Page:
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Monday, March 18, 2024

Is Voting Still Worth It? Just Ask Ms. Gadson-Birch.

Is Voting Still Worth It? Just Ask Ms. Gadson-Birch.

A portrait of Beverly Gadson-Birch outside her home in Charleston, S.C.
Gavin McIntyre for The New York Times

By Mara Gay

“Ms. Gay is a member of the editorial board. She reported from Charleston, S.C., for this essay.

Beverly Gadson-Birch is, supposedly, retired.

But spend any time with Ms. Gadson-Birch, a community activist, business owner and grandmother in Charleston, S.C., and you may struggle, as I did, to keep up with her. She holds political meetings at local hotels. She wants to restart a local newspaper. She buttonholes friends, family members and strangers, reminding them to vote. She does all this while tapping at her Apple Watch or racing through town in a sleek S.U.V. “My husband said to me one day: ‘Girl! Where’d you learn to drive that way?’”

Many Americans have grown weary with politics and disengaged. Ms. Gadson-Birch, 77, is not one of them. Instead, she seems to have boundless energy while fighting political battles where winning appears impossible. At city council hearings and school board meetings, in diners and at church, Ms. Gadson-Birch is assiduously working to share a core belief: Voting is still worth it, even when making progress is slow and punishing work. She is not oblivious to the grim mood among Democratic voters, or the alienation of those who aren’t sure whether the Democratic Party — or democracy itself — holds meaning for them at all. Over a lifetime, Ms. Gadson-Birch has come to believe that American democracy can become whatever Americans make it.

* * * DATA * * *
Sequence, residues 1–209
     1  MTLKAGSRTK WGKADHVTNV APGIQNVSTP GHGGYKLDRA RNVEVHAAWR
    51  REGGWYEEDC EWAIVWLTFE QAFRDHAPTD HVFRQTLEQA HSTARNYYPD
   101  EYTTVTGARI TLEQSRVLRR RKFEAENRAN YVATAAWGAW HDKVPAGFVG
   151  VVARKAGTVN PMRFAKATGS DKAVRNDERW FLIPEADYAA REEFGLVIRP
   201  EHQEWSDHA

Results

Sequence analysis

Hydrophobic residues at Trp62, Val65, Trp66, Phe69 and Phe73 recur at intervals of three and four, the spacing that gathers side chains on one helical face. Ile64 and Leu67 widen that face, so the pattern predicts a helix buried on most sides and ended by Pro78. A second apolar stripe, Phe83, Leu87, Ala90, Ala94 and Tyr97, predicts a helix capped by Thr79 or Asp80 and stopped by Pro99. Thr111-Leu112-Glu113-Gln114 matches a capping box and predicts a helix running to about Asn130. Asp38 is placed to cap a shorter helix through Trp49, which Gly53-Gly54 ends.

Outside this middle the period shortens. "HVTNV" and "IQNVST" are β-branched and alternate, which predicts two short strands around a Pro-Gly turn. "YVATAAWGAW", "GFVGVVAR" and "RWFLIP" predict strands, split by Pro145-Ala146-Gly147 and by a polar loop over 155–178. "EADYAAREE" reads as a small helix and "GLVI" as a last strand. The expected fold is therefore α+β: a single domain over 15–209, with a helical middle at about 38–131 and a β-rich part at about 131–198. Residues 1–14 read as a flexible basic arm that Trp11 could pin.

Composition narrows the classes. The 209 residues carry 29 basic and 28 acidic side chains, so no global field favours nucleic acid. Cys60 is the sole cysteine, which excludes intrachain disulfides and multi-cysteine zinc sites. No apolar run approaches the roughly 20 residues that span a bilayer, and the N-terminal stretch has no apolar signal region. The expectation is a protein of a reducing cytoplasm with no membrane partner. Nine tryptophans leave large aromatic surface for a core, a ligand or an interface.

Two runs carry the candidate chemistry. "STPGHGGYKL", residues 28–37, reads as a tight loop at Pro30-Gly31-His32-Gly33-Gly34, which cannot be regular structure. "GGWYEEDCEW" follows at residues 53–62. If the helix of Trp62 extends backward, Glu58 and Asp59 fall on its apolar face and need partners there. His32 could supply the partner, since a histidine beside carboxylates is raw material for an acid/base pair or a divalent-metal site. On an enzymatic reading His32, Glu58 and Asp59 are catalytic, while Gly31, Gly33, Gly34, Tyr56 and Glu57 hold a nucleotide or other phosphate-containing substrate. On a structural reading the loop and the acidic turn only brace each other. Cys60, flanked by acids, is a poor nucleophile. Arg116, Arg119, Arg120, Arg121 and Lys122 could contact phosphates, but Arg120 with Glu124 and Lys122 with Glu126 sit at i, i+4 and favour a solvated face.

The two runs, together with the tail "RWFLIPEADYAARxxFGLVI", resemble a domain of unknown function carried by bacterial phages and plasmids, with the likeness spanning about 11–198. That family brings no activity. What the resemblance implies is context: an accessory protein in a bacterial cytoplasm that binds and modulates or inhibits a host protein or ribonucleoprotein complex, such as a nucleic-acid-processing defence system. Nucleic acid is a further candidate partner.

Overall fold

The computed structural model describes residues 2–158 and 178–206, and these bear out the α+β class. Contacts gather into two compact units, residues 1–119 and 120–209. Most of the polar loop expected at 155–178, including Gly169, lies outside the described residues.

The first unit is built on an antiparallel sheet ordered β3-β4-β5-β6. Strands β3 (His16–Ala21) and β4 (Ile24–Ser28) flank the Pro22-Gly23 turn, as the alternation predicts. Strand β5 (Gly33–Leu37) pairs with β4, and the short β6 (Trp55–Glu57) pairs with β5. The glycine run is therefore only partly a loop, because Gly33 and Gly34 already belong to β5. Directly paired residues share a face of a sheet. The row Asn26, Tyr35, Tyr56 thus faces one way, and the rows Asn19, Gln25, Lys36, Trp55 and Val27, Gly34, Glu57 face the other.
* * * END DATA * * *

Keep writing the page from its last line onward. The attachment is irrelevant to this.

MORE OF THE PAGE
One of 12 children, Ms. Gadson-Birch spent the first years of her childhood in Charleston’s public housing. On weekends, Ms. Gadson-Birch said, her father, who worked at a steel mill, would take the children to the city’s airport to watch the planes take off. “He would say, ‘I never got to fly, but you will,’” Ms. Gadson-Birch recalled. Downtown, there were certain restaurants in which they couldn’t eat, because the family was Black. In many stores, they couldn’t try on clothing or hats before purchasing them, because they were Black. “That really got to my mom,” she said.

In her elementary school, Wallace Consolidated, which was Black-only by law,students were required to buy the used textbooks the city’s white school no longer had any use for. “I can still see the worn covers, the name of the white school stamped on the spine,” Ms. Gadson-Birch told me. One year, Ms. Gadson-Birch said, her father couldn’t afford textbooks for all the children, so she had to go without.

Mostly though, Ms. Gadson-Birch is looking ahead. She has hopes of resurrecting a Black newspaper, The Charleston Chronicle, which closed in 2021 when its founder and publisher died. Charleston not only lost the newspaper but also its offices, where residents could meet with candidates.

Beverly Gadson-Birch walking in front of her home.
Gavin McIntyre for The New York Times

Over tea in a motel dining room, Ms. Gadson-Birch was listening patiently as John Singletary, who ran for mayor of North Charleston last year, and James Johnson, a longtime activist, talked at length about the need to unite Black voters in Charleston through a newspaper. Ms. Gadson-Birch nodded and then raised a more practical concern: “It’s going to be expensive. Who can we call to raise some money?”

Building Black political power is an uphill battle in South Carolina. The Republican Party dominates state politics and largely doesn’t court Black voters; the Democratic Party, the major vehicle for Black political aspirations, is shut out of power. “Every single statewide elected official is a Republican,” Gibbs Knotts, a political scientist at the College of Charleston, told me. “You’re supposed to have opportunities for competition here.”